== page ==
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What Flowers Do Rabbits Not Eat

By Ma Wen Jie ; Updated September 21, 2017
Columbine is a plant that is often not eaten by rabbits.

Planting a rabbit-proof flower garden can be challenging. Rabbits are voracious eaters that are fond of most types of plants. According to Sandra Mason of the University of Illinois, finding flowers and plants that rabbit resistant is difficult because a plant that is on one list as resistant is on another list as one favored by rabbits. However, certain flowers are thought to be less palatable to many rabbits.


Columbine is listed by the University of Illinois as potentially disliked by rabbits. However, the University of Colorado has listed columbine as being eaten by rabbits when the plants are young. Columbine is cold hardy in United States Department of Agriculture (USDA) Hardiness Zones 3 and warmer. It grows best in partial shade, but will grow in any lighting conditions from full sun to full shade. It grows to between 2- and 4-feet tall in almost any soil type, as long as the soil drains well.

Day Lily

Another plant listed by the University of Illinois as being potentially rabbit resistant is the day lily. Day lilies grow to between 1- and 4-feet high, depending on the variety. They grow well under lighting conditions ranging from full sun to full shade and almost any soil conditions, as long as the soil drains well. Day lilies grow in USDA Hardiness Zones 3 through 9 and are available in a wide range of colors.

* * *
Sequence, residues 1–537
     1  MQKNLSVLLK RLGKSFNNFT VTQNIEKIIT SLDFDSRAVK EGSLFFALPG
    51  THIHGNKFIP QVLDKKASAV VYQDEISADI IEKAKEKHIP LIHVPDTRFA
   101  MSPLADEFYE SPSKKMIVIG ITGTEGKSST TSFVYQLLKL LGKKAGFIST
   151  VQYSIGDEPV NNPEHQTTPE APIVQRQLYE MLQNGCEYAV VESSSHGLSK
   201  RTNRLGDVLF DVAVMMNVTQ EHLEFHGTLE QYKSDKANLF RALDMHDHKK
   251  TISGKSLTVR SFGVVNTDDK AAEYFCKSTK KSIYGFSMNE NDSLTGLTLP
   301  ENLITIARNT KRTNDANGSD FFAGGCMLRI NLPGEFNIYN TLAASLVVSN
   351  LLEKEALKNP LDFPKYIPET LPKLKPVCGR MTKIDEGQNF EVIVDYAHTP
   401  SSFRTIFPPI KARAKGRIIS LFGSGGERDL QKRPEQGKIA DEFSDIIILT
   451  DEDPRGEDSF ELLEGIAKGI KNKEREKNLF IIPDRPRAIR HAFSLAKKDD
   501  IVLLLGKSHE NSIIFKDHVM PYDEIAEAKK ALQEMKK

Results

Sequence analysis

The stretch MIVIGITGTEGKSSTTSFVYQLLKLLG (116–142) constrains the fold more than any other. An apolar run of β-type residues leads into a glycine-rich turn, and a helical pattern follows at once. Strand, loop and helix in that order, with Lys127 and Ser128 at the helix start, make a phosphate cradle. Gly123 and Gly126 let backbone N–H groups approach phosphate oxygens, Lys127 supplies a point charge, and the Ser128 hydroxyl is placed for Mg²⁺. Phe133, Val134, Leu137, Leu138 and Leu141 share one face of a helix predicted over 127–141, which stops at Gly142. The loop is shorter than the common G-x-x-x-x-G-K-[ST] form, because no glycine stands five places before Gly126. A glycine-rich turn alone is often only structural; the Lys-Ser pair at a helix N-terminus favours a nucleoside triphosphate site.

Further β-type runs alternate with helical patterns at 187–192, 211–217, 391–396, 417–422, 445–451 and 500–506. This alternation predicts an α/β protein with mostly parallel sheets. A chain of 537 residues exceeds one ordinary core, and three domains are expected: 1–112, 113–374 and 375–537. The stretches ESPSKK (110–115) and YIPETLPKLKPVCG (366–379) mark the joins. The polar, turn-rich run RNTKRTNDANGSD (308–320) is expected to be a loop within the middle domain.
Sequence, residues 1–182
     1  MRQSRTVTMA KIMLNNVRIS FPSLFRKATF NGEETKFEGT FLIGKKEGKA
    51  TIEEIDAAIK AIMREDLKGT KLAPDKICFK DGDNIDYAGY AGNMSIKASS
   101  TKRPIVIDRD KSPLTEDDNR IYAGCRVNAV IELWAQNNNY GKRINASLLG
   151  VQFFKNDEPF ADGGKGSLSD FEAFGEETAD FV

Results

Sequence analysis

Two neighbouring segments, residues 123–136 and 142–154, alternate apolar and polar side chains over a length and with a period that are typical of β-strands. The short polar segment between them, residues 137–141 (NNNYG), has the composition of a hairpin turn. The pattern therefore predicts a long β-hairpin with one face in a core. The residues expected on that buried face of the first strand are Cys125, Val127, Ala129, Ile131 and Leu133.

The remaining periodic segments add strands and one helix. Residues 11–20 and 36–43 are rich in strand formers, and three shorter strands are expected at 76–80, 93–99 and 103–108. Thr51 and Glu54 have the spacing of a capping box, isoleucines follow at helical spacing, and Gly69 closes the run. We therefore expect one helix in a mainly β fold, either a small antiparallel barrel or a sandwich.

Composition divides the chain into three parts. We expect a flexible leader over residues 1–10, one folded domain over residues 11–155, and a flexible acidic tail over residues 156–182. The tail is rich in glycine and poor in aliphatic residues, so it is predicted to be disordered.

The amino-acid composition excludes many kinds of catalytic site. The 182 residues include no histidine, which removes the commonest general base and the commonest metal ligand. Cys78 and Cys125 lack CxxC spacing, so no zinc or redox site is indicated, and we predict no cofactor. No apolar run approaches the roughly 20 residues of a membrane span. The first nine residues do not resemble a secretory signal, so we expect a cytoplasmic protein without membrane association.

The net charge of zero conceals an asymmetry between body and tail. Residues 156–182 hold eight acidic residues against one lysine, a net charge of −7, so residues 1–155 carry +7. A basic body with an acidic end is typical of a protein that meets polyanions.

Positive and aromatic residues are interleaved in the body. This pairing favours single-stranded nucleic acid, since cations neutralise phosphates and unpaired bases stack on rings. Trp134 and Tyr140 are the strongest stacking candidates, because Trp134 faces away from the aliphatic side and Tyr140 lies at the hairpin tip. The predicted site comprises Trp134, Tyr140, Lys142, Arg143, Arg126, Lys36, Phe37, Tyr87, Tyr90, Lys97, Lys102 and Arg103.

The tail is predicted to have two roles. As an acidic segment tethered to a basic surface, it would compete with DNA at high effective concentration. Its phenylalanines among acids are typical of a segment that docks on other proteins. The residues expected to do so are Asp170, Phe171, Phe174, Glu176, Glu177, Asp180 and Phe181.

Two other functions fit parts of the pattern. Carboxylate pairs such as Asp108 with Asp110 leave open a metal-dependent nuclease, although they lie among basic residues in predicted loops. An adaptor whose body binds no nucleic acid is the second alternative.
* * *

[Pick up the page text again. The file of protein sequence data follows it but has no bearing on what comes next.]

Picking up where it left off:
Daffodils are another plant that can often be unpalatable to rabbits. Daffodils are hardy in USDA Hardiness Zones 3B through 10. These flowers grow from bulbs that winter over. Daffodils are among the first flowers to grow in the spring. Daffodils grow to between 1 and 2 feet and do best in partial sun or shade. They are very tolerant of a wide range of soil conditions, as long as the soil drains well.

Solomon’s Seal

Although commonly grown as a foliage plant, Solomon’s seal produces small white bell shaped flowers that eventually turn into a blackish purple berry. Solomon’s seal grows to between 1- and 3-feet tall and can survive in USDA Hardiness Zones 3 through 8. It grows in full shade and is quite tolerant of any well draining soil. Solomon’s seal is often considered resistant to rabbits.


About the Author


Although he grew up in Latin America, Mr. Ma is a writer based in Denver. He has been writing since 1987 and has written for NPR, AP, Boeing, Ford New Holland, Microsoft, RAHCO International, Umax Data Systems and other manufacturers in Taiwan. He studied creative writing at Mankato State University in Minnesota. He speaks fluent Mandarin Chinese, English and reads Spanish.